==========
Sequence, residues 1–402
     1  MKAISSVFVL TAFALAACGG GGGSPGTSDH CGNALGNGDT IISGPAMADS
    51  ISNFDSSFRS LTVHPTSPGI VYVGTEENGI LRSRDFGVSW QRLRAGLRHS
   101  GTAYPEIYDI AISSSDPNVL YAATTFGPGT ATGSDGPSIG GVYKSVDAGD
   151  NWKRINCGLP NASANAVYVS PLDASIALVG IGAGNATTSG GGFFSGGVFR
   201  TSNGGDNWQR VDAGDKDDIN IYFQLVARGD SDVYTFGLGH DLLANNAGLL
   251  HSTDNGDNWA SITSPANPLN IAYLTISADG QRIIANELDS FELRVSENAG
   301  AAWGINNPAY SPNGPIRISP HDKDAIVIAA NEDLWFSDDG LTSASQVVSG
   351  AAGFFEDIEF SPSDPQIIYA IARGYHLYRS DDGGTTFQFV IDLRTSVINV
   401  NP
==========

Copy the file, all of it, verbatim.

Sequence, residues 1–402
     1  MKAISSVFVL TAFALAACGG GGGSPGTSDH CGNALGNGDT IISGPAMADS
    51  ISNFDSSFRS LTVHPTSPGI VYVGTEENGI LRSRDFGVSW QRLRAGLRHS
   101  GTAYPEIYDI AISSSDPNVL YAATTFGPGT ATGSDGPSIG GVYKSVDAGD
   151  NWKRINCGLP NASANAVYVS PLDASIALVG IGAGNATTSG GGFFSGGVFR
   201  TSNGGDNWQR VDAGDKDDIN IYFQLVARGD SDVYTFGLGH DLLANNAGLL
   251  HSTDNGDNWA SITSPANPLN IAYLTISADG QRIIANELDS FELRVSENAG
   301  AAWGINNPAY SPNGPIRISP HDKDAIVIAA NEDLWFSDDG LTSASQVVSG
   351  AAGFFEDIEF SPSDPQIIYA IARGYHLYRS DDGGTTFQFV IDLRTSVINV
   401  NP